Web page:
Theories Of Taste

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In this essay, I will discuss the cultural relevance of taste and theories that define the certainty of the statement above. Firstly, the concept of taste will be examined, along with the definitions of the terms- agency and structure in accordance to taste. Secondly, an overview of the theoretical framework that supports the definition, presenting some of the main theorists for instance Pierre Bordieu, Herbert J Gans and Colin Campbell who aim to focus on cultural qualifications of taste that challenges and critiques the idea of mass culture as a result of consumer revolution. Thirdly, different aspects of taste enhanced by fashion/cultural related examples and their significance to the theories will be discussed. Finally, I will conclude…show more content…
In his book Distinction: A social critique of the Judgment of Taste (Bourdieu 1984), he conducted extensive research into the taste and preference of different social groups in France in the1960’s, known as the bourgeoises. The role of them had been taken over by “cultural intermediaries” who were certain to have “the importance in deterring the taste patterns for the rest of the society” (Strinati 1995:219). In other words he distinctively describes ways in which classes consume cannot simply be explained by economic inequalities, naming this disposition as “Cultural Capital”. The concept of taste is intractably linked with the notion of discriminations, social hierarchies and making judgements of accepting or rejecting which is a selective preferment. For instance, Bourdieu, who follows a ‘conventional tripartite classification’ refers to the universe of taste as legitimate taste (the taste for legitimate artefacts), middle taste which combines nor minor works in major art forms (‘profit in distinction’) and popular taste represented by choice of ‘light’” (Llyods, page 159). Therefore, this is informed by upbringing and the manner in which we discriminate and choose between good and bad taste is through habitus ‘a system of dispositions’ (David Bell & Joanne Hollows page 6). The idea of “habitus” and “symbolic capital” is reflected on…show more content…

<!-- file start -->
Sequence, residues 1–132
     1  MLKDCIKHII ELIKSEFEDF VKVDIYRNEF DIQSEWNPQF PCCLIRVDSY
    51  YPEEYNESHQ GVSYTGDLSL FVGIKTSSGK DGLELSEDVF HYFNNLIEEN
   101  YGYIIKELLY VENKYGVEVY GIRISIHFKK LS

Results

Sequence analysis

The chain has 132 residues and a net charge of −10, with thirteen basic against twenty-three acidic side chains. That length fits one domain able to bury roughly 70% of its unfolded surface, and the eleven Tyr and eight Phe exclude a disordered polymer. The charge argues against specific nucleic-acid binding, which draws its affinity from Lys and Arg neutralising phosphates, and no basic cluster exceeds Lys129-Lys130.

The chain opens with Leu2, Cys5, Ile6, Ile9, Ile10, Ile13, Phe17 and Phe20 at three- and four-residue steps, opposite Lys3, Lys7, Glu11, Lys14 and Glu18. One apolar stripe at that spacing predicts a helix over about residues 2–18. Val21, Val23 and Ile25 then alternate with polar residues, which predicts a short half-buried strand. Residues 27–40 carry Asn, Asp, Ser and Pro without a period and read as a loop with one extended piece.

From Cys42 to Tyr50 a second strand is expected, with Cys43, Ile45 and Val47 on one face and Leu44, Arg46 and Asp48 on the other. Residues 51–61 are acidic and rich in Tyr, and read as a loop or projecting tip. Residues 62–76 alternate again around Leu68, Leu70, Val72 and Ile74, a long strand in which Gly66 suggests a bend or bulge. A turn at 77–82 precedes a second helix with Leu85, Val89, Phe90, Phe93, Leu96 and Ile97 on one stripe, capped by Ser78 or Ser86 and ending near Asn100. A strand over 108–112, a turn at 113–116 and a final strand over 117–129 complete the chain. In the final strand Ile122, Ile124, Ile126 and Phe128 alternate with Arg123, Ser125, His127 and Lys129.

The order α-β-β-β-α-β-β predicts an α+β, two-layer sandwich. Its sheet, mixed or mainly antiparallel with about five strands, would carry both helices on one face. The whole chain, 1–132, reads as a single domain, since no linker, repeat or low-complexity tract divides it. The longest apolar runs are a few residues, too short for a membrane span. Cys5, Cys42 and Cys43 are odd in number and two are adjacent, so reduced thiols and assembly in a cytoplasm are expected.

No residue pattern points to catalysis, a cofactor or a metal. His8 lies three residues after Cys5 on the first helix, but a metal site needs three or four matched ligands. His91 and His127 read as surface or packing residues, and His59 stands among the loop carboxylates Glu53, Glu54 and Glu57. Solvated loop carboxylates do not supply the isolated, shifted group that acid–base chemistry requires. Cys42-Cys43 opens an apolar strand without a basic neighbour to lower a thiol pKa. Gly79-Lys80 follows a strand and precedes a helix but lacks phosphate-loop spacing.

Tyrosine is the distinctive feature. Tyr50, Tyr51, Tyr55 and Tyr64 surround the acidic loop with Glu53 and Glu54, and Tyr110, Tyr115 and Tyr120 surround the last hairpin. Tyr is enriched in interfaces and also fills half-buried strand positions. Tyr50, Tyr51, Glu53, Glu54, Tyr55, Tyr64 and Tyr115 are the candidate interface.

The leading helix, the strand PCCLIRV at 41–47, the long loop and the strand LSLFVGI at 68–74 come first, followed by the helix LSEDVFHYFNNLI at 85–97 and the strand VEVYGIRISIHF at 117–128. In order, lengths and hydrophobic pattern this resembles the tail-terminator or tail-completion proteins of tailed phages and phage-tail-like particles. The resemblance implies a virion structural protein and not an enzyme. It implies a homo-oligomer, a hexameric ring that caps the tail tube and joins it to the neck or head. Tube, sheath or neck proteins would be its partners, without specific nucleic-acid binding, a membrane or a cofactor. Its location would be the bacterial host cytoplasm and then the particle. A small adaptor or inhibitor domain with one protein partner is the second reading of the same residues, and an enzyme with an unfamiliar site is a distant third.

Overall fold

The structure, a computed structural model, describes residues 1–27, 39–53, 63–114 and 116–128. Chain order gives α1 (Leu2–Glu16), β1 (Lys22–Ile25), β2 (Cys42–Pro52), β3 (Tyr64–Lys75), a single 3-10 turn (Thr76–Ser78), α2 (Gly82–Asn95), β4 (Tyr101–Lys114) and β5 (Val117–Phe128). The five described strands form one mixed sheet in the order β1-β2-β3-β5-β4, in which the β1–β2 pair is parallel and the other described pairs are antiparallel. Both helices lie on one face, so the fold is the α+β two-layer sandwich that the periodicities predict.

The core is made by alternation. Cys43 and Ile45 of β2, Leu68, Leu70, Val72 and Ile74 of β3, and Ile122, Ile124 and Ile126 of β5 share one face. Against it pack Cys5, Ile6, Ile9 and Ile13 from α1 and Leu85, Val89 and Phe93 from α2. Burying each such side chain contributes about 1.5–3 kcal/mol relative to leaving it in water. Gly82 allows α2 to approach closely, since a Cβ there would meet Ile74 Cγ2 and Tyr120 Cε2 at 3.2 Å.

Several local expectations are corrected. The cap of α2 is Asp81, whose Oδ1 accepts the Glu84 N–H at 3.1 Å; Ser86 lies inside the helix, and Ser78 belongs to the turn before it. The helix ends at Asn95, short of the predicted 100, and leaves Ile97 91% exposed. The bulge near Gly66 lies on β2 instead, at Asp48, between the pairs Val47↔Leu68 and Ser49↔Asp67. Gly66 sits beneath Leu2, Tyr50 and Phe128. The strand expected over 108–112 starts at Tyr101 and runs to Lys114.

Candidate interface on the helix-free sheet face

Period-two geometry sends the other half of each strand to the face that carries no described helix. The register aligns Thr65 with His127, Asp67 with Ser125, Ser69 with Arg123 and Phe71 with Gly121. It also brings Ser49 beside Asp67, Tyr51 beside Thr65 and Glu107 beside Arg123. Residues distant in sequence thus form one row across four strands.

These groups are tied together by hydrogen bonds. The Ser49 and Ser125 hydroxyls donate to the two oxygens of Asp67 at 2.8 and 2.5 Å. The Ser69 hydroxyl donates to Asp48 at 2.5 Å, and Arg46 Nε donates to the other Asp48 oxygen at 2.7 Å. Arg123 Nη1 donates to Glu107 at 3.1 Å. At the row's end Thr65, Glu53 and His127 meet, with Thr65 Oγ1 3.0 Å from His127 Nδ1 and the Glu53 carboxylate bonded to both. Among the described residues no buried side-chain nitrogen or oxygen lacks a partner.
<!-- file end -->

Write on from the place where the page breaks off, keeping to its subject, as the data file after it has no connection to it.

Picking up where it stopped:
In a television show What Not To Wear is a British Makeover Reality Television show originated by the BBC Two in 2001. Every episode features an "ambush" style confrontation and makeover of a woman, and sometimes a man, who has been nominated by their friends as particularly unfashionable. The subject has their current fashion sense evaluated. With consideration to the space of this reality television show, it is marked as class and taste separates. According to Bourdieu’s theory, habitus is a form of learning which is shaped by the history of an individuals social group. Indeed it embodies a collection of social practices that enhance our taste. ‘Middle class still set the standard of Taste’ (Bell and Hallows, 2006). However, Bourdieu argues that the new middle class are intermediaries who are classified as class makers. According to him, taste still seems to be linked to class and power through judgments in the consumption of power. In this reality television show, new forms of symbolic violence are evident as regards the public humiliation of people and their relegation to an inferior social standing within the social order. For instance, media theorist Angela
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